by Evan Weese, Columbus Business First.
Banks in the second half of 2013 have grappled with how best to generate mortgage banking income in the face of higher interest rates and heightened regulatory scrutiny.
It’s not all doom and gloom, though. Heartland Bank CEO Scott McComb acknowledges the challenges cutting into banks’ non-interest income, but feels buoyed by the community banking niche and a historical outlook on interest rates. Refinancings have plunged and originations slowed, but McComb doesn’t see that as a big concern.
“Rates historically are still very, very low,” he said of 30-year fixed-rate mortgages that are averaging just above 4.1 percent. “People have very short memories if they think that’s high.”
Mortgage banking income has dropped significantly at U.S. banks because of the year’s uptick in rates from historic lows. Gahanna’s Heartland through three quarters of the year saw non-interest income fall 33 percent to $2.8 million.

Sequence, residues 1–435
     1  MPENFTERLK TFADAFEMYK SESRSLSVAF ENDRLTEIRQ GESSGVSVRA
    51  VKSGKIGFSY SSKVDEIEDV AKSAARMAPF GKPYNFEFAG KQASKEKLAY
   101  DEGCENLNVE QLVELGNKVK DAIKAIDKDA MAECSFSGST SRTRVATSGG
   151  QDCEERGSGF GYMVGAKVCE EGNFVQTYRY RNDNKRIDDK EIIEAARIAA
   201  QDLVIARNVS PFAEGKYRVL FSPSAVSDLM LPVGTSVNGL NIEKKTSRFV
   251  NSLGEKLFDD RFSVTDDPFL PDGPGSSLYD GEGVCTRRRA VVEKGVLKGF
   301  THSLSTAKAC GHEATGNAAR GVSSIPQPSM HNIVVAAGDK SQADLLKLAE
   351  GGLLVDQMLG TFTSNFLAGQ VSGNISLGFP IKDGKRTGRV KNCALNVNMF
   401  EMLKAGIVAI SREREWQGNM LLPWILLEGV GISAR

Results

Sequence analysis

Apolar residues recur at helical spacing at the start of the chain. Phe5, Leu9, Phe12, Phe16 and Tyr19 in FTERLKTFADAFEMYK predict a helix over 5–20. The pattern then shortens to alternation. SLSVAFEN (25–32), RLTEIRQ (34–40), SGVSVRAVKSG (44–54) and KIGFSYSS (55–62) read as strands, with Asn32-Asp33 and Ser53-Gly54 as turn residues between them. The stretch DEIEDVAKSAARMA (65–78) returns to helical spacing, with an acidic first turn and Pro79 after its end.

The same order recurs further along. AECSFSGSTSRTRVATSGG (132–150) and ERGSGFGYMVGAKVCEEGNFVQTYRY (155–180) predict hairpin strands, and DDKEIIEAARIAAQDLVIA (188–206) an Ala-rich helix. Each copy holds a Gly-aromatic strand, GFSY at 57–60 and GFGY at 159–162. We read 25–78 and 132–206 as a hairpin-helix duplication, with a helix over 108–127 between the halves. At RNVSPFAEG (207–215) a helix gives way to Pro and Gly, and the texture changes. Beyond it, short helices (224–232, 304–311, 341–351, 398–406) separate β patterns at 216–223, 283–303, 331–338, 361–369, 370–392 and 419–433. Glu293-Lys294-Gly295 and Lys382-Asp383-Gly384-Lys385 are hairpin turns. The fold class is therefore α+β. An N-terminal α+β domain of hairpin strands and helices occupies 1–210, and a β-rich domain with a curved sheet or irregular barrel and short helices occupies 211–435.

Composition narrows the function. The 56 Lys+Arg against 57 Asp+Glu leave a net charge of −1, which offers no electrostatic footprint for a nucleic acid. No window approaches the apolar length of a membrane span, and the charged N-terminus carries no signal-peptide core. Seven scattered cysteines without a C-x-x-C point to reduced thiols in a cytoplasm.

Among U.S. banks with less than $20 billion in assets, mortgage banking income fell 27 percent in the third quarter from a year earlier.
What’s more, bankers are concerned the Consumer Financial Protection Bureau’s qualified mortgage rules, which take effect Jan. 10, will tighten credit and restrict income even more.
“It’s kind of sad when we have to pass laws where the borrower has to show they can cover,” McComb said. “The loan officers and the (community) banks know the customers pretty well.”
Still, he doesn’t expect the regulation to have a huge impact at $577-million-asset Heartland. Community banks, he said, “have capitalized on keeping a lot of those loans in our portfolio,” allowing for open dialogue, he said.
Evan Weese covers funding and capital for Columbus Business First.